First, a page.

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San Francisco Alta California, February 11, 1868



The Presidential Question -- The Hancock Vote of Thanks -- Washington Message -- British Impudence -- The Prince of Wales -- Good Advice to a Senator -- Sundry Items.

WASHINGTON, December 23rd [1867]

The President and Vice President.

EDITORS ALTA: The high and growing consideration in which the Pacific States are held here is evidenced in the fact that both of the great political parties seem to have an idea that a candidate for President or Vice President, in the next canvas, ought to be selected from that part of the country. The latest political gossip is to the effect that Senator Nye may chance to be the Republican nominee for Vice President.

Then, on the Democratic side of the fence, Judge Field, of California, is talked of more and more every day in connection with the Presidency of the United States. Indeed, there is no question that a movement in his favor has been going on quietly over a wide extent of country; and that, without a mention in the newspapers, hardly, as a candidate, he probably stands foremost in the list of candidates to-day. The Democrats are aware that to run a race with General Grant, with any hope of success, they must bring out a competitor that is sound in wind and limb; flaws that were merely damaging in the days of Pierce and Polk would be damning now. They have decided that there is a bill to be filled, and that that bill must be utterly and completely filled, even to the last item. They must have a man whose record as a Union man is unblemished; whose record as a war man is spotless; and one whose conservatism cannot be gain-said. Thus far, Judge Field is the only man they have found who fills this bill. He was a war man and a Union man; his decisions on the test oath and the decrees of the military commissions are quoted in proof of his conservatism. The test oath decision untied the hands of the lawyers all over the South, and restored to them the privilege of earning a livelihood. This secures to him a friendship of unquestionable value. Ultra peace men like Pendleton and Vallandigham are no longer considered at all available by the Democracy -- in the peculiar language of Democracy, "that cat won't fight." McClellan destroyed many Southern Democrats with bullets and cold steel, and embittered the lives and wore out the patience of many more with waiting for him to make up his mind to being to commence to get ready to make a start to ultimately do something at some dim, indefinite time or other. Therefore McClellan will not do. General Hancock fought; and more than this, he hung Mrs. Surratt. Hancock will hardly do. Nasby will not do. Nasby's Democracy is too genuine and too straightforward in these piping times of policy. At this present moment -- not next week, but at this present moment -- Judge Field stands fairest on the Democratic list of names for the Presidency. Whether it will remain so to the end, or whether expediency shall displace him for another man conceived to be still more available, is a thing which modern prophecy may not hope to determine.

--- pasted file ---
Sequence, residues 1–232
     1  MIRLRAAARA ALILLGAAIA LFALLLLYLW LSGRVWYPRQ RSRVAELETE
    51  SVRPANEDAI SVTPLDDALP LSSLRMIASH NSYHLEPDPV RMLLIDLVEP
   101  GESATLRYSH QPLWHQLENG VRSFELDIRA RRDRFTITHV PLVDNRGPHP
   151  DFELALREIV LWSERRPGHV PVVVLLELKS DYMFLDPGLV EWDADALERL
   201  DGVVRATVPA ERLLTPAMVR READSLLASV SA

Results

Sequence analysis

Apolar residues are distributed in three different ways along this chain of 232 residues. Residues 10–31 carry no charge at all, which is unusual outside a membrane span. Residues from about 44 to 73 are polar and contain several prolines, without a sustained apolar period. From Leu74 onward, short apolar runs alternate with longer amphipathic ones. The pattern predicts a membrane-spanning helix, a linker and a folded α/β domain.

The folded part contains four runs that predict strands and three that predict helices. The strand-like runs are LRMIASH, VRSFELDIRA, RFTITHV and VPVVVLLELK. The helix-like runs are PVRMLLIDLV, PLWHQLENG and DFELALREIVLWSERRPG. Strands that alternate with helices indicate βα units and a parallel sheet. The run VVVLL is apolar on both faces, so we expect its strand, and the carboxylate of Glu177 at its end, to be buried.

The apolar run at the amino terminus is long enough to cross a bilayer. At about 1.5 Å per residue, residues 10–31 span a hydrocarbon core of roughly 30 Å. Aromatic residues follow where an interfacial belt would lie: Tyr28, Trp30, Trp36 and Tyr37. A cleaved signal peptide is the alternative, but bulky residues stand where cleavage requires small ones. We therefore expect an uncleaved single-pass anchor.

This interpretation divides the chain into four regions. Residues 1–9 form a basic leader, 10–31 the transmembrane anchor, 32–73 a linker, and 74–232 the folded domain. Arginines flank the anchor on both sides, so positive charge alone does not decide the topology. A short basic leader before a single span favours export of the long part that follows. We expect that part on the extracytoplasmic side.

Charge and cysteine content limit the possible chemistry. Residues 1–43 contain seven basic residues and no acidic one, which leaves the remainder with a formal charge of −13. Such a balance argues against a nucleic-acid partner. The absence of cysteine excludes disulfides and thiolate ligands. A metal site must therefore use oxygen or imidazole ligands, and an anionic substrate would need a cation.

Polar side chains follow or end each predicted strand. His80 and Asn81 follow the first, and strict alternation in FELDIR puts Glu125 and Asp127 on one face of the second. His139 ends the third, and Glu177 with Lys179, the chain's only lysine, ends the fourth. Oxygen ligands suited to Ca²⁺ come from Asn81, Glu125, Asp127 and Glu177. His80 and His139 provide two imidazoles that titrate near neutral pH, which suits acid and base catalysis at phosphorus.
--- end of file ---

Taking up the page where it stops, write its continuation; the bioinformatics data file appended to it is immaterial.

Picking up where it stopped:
The President's Last.

The President's last communication, asking Congress to vote a compliment to Gen. Hancock, has provoked some comment. And not without reason. It glorifies a servant of the Government! -- a subordinate of the glorifier, the supreme head of the nation's military forces -- for what? Simply for magnanimously conceding to citizens of New Orleans rights which are guaranteed to every citizen of the United States by the Constitution! Has a faithful discharge of imperative duty become so rare a thing in the land that its occurrence is matter for glorification? Is it so rare that it astonished the President of the United States and makes him haste to call public attention to the wonder? Is a discharge of duty become so sublime an event that Congress and the President must celebrate it with a national hurrah? Truly, it seems so. But the President loves to be known as the "Defender of the Constitution;" -- it is possible that this is the first time his defence of it has resulted in a success? The whole affair is funny, when you come to look squarely at it.

Congress has not yet voted the thanks the President requested for Hancock. There is a reason, but it has not leaked into print yet, I believe; nor yet into common conversation. But that reason is a potent one, and may possibly hold back the vote of thanks for all time. The facts, as they exist behind the scenes are these: The message and the suggested thanks were intended to do duty as electioneering guns for Gen. Hancock. The Republicans had no interest in their success in that capacity. So it transpired that two resolutions of thanks were drawn up and canvassed by the two political parties in the House. One of these resolutions killed the other before either ever came up for action. One resolution offered the thanks of Congress for the General's faithful discharge of his onerous duties in New Orleans. The other read:

"And be it further Resolved, That the grateful acknowledgments of Congress are also tendered to Gen. Hancock for his able and efficient services in superintending the execution of Mrs. Surratt!"

The Democrats concluded that the vote of thanks which was to have been such a fine stroke of strategy in behalf of the President's candidate had better perish unexpressed than go forth with this appalling compliment dangling to it.

The Big Trees.